A glTF triangle

The present essay describes how to create a triangle model in glTF format. We will focus on the production of a buffer binary file with custom geometry and the description of buffer data by means of bufferViews and accessors.

Riccardo Scalco - rscalco@nextbit.it

Firstly, some references

The following text is based on the glTF tutorial written by The Khronos Group. I strongly recommend to read the tutorial, it covers many of the concepts introduced here.

This essay has to be intended as a complement to the first five chapters of the tutorial. Some arguments discussed in the tutorial are missing here, like scenes and nodes, whereas other arguments are discussed with more details. In particular, we are going to see how to get a buffer binary file storing some custom geometry data, an argument that may be difficult to grasp at first glance.

Please have a look at the Github repository for the code related to the present example, as well as for other interesting experiments with the glTF format.

Define vertices indexes and positions

We start by defining the triangle we want to draw. Let say we want the triangle with the first vertex at position (1, 0, 0), the second vertex at position (0, 1, 0) and the third vertex at position (0, 0, 0). Take a paper and a pencil and draw the triangle in a right-handed cartesian coordinate system, you will see that the face direction is counter-clockwise. The face direction is defined by the order of the three vertices that make up the triangle, as well as their apparent order on-screen, and its primary use is to allow the culling (removal) of not visible triangles on closed surfaces.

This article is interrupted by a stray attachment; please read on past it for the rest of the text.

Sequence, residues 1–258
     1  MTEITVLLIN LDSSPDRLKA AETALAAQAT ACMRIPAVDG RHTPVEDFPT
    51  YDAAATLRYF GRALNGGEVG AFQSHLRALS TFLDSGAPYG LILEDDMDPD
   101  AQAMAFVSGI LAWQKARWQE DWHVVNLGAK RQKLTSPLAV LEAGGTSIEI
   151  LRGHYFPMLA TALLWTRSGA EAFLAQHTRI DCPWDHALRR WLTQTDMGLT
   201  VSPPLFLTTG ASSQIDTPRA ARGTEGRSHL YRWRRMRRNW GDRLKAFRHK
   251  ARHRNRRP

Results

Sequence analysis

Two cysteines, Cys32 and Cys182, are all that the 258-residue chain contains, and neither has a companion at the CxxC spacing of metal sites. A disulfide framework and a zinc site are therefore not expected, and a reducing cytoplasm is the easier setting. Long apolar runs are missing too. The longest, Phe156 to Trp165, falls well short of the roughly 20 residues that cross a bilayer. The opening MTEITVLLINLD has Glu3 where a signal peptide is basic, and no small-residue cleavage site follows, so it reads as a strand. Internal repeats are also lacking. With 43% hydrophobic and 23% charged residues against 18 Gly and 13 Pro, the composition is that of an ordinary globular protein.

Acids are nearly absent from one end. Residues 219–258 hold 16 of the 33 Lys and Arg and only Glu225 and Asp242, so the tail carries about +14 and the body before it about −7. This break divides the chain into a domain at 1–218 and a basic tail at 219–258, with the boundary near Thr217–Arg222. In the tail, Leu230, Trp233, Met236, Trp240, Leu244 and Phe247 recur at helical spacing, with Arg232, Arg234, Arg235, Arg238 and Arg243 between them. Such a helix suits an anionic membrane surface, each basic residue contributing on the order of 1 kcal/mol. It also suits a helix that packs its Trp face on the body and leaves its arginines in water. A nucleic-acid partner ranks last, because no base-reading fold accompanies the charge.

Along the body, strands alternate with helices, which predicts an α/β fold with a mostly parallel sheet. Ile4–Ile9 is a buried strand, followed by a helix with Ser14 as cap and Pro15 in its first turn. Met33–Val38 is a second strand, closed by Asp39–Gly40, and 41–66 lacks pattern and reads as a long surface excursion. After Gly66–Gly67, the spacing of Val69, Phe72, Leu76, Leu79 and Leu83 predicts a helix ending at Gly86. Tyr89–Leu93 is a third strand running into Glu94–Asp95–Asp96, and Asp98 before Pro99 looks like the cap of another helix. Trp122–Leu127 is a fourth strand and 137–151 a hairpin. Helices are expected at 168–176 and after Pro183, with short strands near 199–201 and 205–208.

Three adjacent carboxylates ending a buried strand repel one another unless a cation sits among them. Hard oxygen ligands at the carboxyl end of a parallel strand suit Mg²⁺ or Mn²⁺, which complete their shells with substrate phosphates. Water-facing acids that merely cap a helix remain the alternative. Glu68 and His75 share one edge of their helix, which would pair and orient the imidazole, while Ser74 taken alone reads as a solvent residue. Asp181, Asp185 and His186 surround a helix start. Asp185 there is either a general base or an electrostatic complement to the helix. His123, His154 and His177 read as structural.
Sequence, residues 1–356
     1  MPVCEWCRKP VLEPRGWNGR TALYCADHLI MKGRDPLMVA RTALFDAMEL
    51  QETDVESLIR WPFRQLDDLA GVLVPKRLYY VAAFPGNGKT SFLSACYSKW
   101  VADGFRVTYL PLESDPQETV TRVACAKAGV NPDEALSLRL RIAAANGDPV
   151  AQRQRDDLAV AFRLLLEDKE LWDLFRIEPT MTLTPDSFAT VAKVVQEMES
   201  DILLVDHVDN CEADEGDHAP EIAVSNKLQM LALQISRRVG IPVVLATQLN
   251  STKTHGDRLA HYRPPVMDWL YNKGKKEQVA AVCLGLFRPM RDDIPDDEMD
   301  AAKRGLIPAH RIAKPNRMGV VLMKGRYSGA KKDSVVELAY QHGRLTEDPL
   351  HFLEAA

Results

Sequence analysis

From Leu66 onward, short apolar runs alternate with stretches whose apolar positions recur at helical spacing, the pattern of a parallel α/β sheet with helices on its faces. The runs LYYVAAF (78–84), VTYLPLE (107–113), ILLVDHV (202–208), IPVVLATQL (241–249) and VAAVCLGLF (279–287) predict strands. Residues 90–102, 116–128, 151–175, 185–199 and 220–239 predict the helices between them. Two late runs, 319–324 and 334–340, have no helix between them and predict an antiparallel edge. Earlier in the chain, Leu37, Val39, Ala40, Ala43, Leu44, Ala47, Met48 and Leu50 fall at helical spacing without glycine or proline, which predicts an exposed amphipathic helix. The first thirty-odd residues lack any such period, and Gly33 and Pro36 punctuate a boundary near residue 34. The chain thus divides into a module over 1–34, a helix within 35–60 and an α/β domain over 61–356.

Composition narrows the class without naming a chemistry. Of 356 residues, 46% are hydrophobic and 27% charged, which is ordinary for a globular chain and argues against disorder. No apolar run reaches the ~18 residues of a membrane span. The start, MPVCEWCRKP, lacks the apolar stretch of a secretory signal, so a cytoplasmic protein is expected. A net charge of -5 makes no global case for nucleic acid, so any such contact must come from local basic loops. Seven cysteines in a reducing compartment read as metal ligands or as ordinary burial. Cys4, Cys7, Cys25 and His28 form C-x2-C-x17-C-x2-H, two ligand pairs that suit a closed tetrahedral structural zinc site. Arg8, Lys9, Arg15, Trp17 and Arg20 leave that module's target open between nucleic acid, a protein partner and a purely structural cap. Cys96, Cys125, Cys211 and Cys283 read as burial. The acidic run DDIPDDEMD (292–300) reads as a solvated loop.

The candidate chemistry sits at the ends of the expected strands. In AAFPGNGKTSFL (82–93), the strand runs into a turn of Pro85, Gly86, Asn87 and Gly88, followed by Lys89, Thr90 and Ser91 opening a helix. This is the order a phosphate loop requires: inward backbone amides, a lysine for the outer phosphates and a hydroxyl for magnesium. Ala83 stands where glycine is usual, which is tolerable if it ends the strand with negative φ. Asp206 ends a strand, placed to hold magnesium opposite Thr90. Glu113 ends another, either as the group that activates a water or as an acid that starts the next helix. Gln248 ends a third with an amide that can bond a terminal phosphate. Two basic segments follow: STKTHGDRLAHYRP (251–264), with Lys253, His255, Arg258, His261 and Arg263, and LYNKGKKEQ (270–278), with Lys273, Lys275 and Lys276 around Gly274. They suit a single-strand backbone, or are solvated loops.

We can store the described triangle in a js object like the following:

const data = {
  indexes: [
    0,
    1,
    2
  ],
  vertices: [
    1, 0, 0,
    0, 1, 0,
    0, 0, 0
  ]
}

In order to draw the triangle from such data structure, we can interpret the data as follow: the first vertex has index indexes[0], equals to 0, and therefore its position is stored in the first 3 values of the vertices array. Similarly, the second vertex has index indexes[1], equals to 1, and therefore its position is stored in the second 3 values of the vertices array. The same holds for the third vertex.

Note that there are many possible ways to encode the wanted triangle in a data structure, the above definition is convenient because, as we will see, it resembles how data is going to be stored in buffers. The reason behind this data structure will be better understood once accessors and rendering modes will be introduced.

In the next section, we are going to store the data in a binary file.

Store data in an external binary file

Binary data is referred to by a buffer, a buffer URI may point to an external binary file or it may be a data URI that encodes the binary data directly in the glTF file.

There is not a unique way to store the data in a buffer, here we are going to use the same convention described in the tutorial. We first store indexes data as UNSIGNED_SHORT components and, with the appropriate byte offset, we later add vertices data to the buffer as FLOAT components. The code snippet below defines a function that takes data as input and writes a binary file called buffer.bin in the file system.

const fs = require('fs');

module.exports = function (data) {
  const {